Economic Freedom Fighters (EFF) commander-in-chief Julius Malema, who has vowed to continue the fight against white privilege, says white people hate everyone who speaks out against the issue. He claims white people are even starting to hate Democratic Alliance (DA) leader Mmusi Maimane.
There has been internal debate within the DA after Maimane said white people remain privileged during a Freedom Day event.
Malema made his comments during an EFF breakfast with political editors and journalists in Braamfontein on Thursday.
“We will not be discouraged from fighting against whiteness and white privilege because they create unnecessary fear in South Africa”, added Malema.
Malema said it still appears there are different rules for the various race groups in the country.
“I have never carried a gun to any march. Fifty thousand people marched from Joburg to Sandton without committing any crime, without shooting a white person, without beating a white person, without blocking roads, marching through roads dictated to them by the police peacefully.
“Those people are called fascists, but white people who march all the time in Pretoria, who are against the rules, 99% of them are carrying guns, no single journalist, no single political commentator calls them fascist, yet they are carrying guns,” he said.
‘They don’t take us seriously’
Malema also questioned why white members of the ANC still cannot speak some of South Africa’s indigenous languages.
“Take amandla (power), something they say all the time, but they still can’t say it properly… They have said that throughout their lives. That’s how much they don’t take us seriously,” he remarked.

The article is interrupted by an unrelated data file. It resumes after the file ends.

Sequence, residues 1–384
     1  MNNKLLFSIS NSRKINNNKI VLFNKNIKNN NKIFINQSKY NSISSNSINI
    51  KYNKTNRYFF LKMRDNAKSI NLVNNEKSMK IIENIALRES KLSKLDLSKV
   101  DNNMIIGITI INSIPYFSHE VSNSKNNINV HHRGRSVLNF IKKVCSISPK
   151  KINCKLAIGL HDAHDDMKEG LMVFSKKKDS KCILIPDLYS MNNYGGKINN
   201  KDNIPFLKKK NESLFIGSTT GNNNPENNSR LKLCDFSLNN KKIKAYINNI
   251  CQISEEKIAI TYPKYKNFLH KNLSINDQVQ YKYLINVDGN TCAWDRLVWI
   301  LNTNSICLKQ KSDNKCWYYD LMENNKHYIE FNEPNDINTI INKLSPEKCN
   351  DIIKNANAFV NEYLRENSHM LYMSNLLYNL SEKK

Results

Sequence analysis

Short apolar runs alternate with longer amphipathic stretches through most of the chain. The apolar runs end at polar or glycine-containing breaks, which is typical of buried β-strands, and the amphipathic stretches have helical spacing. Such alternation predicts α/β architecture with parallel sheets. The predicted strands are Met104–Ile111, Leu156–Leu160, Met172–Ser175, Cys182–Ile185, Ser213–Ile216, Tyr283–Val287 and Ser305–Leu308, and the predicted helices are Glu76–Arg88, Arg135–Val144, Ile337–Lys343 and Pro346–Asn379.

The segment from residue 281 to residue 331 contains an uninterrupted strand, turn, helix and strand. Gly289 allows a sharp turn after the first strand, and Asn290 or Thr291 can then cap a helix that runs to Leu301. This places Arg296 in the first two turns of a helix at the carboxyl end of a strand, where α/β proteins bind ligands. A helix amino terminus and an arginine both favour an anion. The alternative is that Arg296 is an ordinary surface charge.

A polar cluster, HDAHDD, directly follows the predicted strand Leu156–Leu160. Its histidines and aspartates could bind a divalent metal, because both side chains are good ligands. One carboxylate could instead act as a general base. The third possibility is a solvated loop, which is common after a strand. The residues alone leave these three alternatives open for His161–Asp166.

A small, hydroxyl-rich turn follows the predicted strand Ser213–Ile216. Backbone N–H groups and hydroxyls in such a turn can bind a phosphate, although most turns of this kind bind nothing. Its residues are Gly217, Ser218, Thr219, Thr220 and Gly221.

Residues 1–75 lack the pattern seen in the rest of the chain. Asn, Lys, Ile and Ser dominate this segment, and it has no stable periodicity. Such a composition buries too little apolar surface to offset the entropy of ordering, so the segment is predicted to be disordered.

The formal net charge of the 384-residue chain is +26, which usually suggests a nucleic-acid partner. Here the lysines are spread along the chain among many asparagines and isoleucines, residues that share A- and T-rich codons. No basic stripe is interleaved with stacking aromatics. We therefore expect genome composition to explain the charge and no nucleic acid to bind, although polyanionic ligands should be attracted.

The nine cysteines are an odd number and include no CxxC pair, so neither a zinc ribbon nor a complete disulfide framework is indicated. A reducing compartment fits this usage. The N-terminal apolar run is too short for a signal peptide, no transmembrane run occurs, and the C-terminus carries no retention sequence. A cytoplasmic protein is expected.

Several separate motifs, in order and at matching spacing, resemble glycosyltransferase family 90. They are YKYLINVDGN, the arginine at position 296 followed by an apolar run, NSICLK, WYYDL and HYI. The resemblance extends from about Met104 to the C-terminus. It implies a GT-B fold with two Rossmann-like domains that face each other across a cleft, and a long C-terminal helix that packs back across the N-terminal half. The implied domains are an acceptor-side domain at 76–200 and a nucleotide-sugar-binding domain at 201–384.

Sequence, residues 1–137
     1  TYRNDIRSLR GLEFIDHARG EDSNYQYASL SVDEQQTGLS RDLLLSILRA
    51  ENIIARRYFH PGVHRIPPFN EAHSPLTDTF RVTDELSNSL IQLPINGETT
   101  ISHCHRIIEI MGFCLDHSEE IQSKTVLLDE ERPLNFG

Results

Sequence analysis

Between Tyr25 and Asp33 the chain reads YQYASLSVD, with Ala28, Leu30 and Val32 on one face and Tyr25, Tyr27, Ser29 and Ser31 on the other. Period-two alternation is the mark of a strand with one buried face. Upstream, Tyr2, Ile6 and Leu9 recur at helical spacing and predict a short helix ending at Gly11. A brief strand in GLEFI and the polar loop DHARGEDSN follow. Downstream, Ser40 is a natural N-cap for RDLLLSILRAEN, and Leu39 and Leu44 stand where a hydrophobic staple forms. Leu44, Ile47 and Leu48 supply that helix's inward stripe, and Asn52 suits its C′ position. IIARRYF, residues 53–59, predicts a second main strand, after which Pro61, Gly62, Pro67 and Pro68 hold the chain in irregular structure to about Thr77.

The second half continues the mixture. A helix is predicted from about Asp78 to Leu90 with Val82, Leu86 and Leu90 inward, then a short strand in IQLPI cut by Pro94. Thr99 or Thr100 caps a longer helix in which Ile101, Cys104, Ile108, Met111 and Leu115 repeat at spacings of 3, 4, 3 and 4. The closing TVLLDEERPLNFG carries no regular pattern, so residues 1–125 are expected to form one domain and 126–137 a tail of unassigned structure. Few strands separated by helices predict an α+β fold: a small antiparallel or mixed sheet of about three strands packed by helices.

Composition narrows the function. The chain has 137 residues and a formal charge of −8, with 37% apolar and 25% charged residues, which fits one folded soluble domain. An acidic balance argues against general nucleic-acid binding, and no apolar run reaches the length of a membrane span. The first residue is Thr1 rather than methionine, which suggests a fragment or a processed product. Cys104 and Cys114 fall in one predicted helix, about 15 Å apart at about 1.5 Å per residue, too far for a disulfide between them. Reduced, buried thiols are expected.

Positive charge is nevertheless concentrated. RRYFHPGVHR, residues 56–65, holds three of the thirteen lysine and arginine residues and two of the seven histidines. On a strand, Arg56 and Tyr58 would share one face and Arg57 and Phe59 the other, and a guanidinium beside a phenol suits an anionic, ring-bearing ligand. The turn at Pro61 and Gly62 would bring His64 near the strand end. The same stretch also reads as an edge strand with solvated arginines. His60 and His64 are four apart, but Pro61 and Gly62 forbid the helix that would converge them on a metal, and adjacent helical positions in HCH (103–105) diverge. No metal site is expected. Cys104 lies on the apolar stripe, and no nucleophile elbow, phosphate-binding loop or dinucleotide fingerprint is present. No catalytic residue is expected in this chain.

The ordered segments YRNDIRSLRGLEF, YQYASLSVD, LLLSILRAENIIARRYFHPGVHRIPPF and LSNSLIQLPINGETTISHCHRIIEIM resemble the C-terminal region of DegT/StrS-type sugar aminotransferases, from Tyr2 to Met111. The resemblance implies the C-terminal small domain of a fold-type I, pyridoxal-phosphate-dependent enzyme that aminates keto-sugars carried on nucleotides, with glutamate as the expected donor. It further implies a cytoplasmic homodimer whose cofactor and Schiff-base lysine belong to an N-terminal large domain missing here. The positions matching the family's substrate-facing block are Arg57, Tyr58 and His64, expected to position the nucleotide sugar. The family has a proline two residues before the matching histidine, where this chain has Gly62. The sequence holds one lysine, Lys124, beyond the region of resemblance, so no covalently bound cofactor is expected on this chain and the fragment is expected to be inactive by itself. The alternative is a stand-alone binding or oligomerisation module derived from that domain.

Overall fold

Malema brought up the issue of language while pondering the reaction to his infamous “cut the throat of whiteness” comment, which he had made when his party announced it would seek to have Athol Trollip removed as Nelson Mandela Bay mayor.
The EFF leader said the comment was figurative and should be understood in that context.
He also highlighted that the party’s communications manager Sixolise Gcilishe had, through an article she had written, made him realise the minority in the ANC was still unable to grasp most of the languages used by the majority in the country.
The article praised Trollip for his ability to speak isiXhosa, a language mostly spoken by those he served as mayor.
She also questioned leaders of the liberation movement who sacrificed their lives for people, but had never bothered to understand their language.
“The ANC has made even white people in the movement feel superior,” said Malema.
“There is a senior veteran of the ANC who says to me there was a black family that arrived in Lusaka and a white family that arrived in Lusaka, both driving together. The black family was taken to the camps and the white family was taken to apartments.
“When the leadership was asked why they took the white family to the apartments, they said: ‘You know they are not used to this type of life. It is for us’,” said Malema.